Although I do not suffer with a severe mental health illness, I do have a tendency to overthink, stress and become anxiously caught up in my own thoughts. According to Anxiety UK, 1 in 10 young people experience a mental health disorder, with anxiety and depression being the most common mental health difficulties. Like most students, my anxiety first surfaced with the stresses of university and my final year was spent in a slight turmoil of a pressure to succeed and a consequent anxiety of failing. These feelings were completely self-induced, and to most people my grades would have indicated nothing worth stressing over; none-the-less, the anxiety was there.
It is at this time that I began a rather rigorous training programme for a half marathon, waking early and heading out on a run before then spending the day in the studio working on my degree. Perhaps it was the feeling of accomplishment that would come from managing to progress with my distance and stamina on these runs, or maybe it was simply that I had managed to get out of my head and move my body, but these runs offered a moment of silence from the anxious tightness that had begun to sit in my chest.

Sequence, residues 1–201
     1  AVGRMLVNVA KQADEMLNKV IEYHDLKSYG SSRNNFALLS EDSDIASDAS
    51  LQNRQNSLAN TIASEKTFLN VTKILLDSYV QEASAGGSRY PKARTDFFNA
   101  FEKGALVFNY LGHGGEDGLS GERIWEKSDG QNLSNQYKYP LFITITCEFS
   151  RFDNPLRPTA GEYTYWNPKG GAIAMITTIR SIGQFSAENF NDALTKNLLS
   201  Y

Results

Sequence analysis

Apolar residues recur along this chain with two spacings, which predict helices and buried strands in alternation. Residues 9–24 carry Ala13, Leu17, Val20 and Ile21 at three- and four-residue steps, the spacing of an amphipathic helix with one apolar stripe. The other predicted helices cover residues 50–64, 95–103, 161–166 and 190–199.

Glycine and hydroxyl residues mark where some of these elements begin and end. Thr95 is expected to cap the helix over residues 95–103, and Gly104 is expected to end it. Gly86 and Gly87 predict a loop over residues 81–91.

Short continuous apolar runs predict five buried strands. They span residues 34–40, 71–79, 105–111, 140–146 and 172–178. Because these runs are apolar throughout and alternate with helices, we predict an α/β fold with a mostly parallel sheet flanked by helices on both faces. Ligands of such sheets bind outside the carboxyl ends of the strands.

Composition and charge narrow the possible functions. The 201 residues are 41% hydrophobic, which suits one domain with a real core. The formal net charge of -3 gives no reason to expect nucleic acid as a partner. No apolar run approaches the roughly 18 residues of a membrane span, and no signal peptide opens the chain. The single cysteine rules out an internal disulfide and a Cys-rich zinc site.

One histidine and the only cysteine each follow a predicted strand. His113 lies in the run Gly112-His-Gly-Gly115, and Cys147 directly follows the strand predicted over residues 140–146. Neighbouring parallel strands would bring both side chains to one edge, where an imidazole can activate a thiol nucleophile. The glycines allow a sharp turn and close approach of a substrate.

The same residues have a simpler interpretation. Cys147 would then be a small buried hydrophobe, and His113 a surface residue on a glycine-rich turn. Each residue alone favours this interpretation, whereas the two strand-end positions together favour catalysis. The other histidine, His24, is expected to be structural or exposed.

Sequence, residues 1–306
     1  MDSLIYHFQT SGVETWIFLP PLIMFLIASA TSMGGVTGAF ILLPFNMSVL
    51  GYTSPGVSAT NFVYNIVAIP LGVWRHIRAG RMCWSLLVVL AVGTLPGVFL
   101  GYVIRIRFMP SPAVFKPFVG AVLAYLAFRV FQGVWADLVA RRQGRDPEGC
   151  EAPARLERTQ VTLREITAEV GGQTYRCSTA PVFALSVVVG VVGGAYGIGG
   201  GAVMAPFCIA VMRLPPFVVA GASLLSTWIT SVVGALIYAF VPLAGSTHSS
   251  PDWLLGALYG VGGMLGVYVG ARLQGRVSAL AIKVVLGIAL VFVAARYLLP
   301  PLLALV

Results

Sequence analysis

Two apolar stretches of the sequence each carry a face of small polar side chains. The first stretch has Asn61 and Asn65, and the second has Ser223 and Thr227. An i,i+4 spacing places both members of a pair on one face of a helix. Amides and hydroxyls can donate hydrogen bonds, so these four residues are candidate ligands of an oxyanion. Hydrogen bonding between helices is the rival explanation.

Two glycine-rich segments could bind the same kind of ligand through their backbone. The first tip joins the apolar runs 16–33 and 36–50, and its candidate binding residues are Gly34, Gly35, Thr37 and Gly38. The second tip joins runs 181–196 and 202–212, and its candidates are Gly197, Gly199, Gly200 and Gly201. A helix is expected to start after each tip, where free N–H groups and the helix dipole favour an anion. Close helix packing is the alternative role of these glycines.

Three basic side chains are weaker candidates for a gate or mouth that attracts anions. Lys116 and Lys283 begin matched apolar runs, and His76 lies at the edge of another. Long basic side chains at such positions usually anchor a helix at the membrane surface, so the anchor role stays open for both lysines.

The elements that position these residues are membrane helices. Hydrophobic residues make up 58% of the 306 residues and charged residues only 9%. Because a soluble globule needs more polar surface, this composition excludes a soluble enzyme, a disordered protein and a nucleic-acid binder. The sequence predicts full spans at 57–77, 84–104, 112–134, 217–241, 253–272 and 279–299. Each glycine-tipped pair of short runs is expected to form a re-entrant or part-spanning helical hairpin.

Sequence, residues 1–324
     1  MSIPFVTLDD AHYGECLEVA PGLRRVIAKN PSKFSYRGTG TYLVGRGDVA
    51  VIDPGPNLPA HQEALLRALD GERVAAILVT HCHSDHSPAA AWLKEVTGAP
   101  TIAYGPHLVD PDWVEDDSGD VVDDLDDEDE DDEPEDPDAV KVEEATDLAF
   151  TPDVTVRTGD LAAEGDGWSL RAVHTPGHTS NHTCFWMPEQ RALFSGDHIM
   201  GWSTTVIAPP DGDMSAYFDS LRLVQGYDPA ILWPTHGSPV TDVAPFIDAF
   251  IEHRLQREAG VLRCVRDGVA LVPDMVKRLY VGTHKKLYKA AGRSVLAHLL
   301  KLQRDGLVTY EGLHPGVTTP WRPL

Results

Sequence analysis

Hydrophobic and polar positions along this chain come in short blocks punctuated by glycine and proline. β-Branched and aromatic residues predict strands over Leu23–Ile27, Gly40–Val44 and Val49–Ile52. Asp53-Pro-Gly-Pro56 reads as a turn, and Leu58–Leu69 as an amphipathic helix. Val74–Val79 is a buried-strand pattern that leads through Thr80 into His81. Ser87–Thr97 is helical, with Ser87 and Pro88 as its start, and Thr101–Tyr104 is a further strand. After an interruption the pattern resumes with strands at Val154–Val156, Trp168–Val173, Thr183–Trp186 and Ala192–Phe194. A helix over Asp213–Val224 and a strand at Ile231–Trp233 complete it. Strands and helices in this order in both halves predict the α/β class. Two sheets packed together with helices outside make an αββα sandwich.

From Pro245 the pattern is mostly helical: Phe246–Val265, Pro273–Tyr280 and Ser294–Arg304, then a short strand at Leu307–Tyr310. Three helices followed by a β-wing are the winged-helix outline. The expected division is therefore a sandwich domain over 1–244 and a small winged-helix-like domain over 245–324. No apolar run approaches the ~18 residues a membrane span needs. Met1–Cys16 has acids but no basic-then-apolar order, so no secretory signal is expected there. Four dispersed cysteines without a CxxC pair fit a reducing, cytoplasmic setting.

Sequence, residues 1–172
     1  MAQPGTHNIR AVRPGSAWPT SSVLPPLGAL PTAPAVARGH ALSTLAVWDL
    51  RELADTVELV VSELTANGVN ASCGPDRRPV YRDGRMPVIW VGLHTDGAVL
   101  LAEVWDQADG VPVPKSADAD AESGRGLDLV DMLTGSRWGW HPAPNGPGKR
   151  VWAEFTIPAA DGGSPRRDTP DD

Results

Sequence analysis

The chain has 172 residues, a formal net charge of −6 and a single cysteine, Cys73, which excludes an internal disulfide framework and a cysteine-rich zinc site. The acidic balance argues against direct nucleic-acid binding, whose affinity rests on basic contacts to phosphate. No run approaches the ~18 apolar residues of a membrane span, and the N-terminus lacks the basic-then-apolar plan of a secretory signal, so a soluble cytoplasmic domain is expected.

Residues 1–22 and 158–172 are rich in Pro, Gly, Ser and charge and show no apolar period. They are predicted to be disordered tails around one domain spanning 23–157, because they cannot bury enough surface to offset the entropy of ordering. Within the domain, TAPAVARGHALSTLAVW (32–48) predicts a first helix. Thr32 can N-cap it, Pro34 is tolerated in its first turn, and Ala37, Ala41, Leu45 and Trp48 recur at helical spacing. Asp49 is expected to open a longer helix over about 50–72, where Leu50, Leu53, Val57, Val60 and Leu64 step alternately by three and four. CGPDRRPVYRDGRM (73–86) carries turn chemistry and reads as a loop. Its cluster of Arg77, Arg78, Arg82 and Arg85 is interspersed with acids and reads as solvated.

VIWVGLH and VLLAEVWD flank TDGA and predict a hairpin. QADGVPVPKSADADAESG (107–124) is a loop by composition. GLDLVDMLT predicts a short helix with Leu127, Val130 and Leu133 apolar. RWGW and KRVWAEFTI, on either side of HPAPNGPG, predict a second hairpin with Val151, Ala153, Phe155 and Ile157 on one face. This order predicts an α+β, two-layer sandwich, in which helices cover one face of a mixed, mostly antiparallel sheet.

At one of the most stressful times I have experienced in my life so far, running offered a gateway to softening my anxiety and it is for that reason that I have made an effort to keep it up in the years that have followed. Mental health is very much a matter of peaks and troughs, with the unexplainable days where everything seems a little out of sync taking a little more work than usual. It is on those days, the days where I don’t really want to have a shower much less pull on my trainers and run, that I know I need it most. I return home, distracted by forty-five minutes spent simply moving and listening to a podcast.